Research in Higher Education

, Volume 15, Issue 2, pp 161–173 | Cite as

Faculty orientations toward institutional goals: A broken front with implications for planned change

  • Edwin A. Rugg
  • Timothy Lynn Warren
  • Evelyn L. Carpenter


The formulation of institutional goals in higher education often involves input from various campus constituencies including faculty. The faculty's viewpoint is typically treated as though it were a uniform perception. The research reported here tested the uniform nature of the faculty's goal orientations. Statistical comparisons were conducted on mean ratings of five discipline groups of 207 faculty from a major public university on the scales of the Institutional Goals Inventory. Although discipline groups shared common viewpoints on the importance of academic instruction, intellectual pursuits, and research, major differences among groups were found for goals involving university service, off-campus instruction, accountability, intercollegiate athletics, and humanistic values. Institutional planners desiring a change in one of these latter areas should expect different levels of faculty support and resistance from different discipline groups.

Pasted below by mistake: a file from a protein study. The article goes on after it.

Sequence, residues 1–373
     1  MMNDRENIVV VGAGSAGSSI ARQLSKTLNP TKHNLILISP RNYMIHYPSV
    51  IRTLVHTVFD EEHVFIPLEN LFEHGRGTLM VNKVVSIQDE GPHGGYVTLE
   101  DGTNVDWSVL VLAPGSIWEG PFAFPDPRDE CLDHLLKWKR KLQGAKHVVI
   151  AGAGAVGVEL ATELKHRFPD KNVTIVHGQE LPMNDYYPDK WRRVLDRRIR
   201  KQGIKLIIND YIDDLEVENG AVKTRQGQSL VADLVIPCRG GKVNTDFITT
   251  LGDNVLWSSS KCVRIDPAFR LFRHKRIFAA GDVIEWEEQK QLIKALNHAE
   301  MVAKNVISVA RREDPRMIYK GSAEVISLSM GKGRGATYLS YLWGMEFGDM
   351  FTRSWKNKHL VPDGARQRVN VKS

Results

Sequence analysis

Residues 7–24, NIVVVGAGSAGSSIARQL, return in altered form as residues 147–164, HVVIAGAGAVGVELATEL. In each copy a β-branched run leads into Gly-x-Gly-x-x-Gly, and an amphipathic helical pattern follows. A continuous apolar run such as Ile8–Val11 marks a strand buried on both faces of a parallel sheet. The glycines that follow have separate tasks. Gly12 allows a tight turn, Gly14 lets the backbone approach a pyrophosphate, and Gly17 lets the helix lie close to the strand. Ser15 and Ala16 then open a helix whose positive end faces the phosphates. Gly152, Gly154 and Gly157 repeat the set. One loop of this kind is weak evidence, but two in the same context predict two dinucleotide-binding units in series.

Education Research Goal Orientation Faculty Orientation Academic Instruction Plan Change 
These keywords were added by machine and not by the authors. This process is experimental and the keywords may be updated as the learning algorithm improves.


Unable to display preview. Download preview PDF.

Unable to display preview. Download preview PDF.


  1. Bayer, A. E.Teaching faculty in academe: 1972–73. Washington, D.C.: American Council on Education, 1973.Google Scholar
  2. Hartnett, R. T. & Centra, J. A. Faculty views of the academic environment: Situational vs. institutional perspectives.Sociology of Education 1974,47 159–169.Google Scholar
  3. Ladd, E. C. & Lipset, S. M.The divided academy: Professors and politics. New York: McGraw-Hill, 1975.Google Scholar
  4. Lindeman, L. W. Institutional goals and faculty attitudes toward collective negotiations.Research in Higher Education 1975,3(3), 205–215.Google Scholar
  5. Peterson, R. E. & Uhl, N. P.IGI comparative data and bibliography. Princeton, New Jersey: Educational Testing Service, 1975.Google Scholar
  6. Peterson, R. E. & Uhl, N. P.Formulating college and university goals: A guide for using the institutional goals inventory. Princeton, New Jersey: Educational Testing Service, 1977.Google Scholar
  7. Skully, M. G. Carnegie panel says enrollment declines will create a “new academic revolution.”The Chronicle of Higher Education, January 28, 1980,1 11.Google Scholar
  8. Spaulding, C. B. & Turner, H. A. Political orientation and field of specialization among college professors.Sociology of Education 1968,41 247–262.Google Scholar
  9. Winer, B. J.Statistical principles in experimental design. New York: McGraw-Hill, 1971.Google Scholar

Copyright information

© Agathon Press, Inc 1981

Authors and Affiliations

  • Edwin A. Rugg
    • 1
  • Timothy Lynn Warren
    • 1
  • Evelyn L. Carpenter
    • 1
  1. 1.Bureau of Institutional Research and PlanningUniversity of MississippiUSA

Personalised recommendations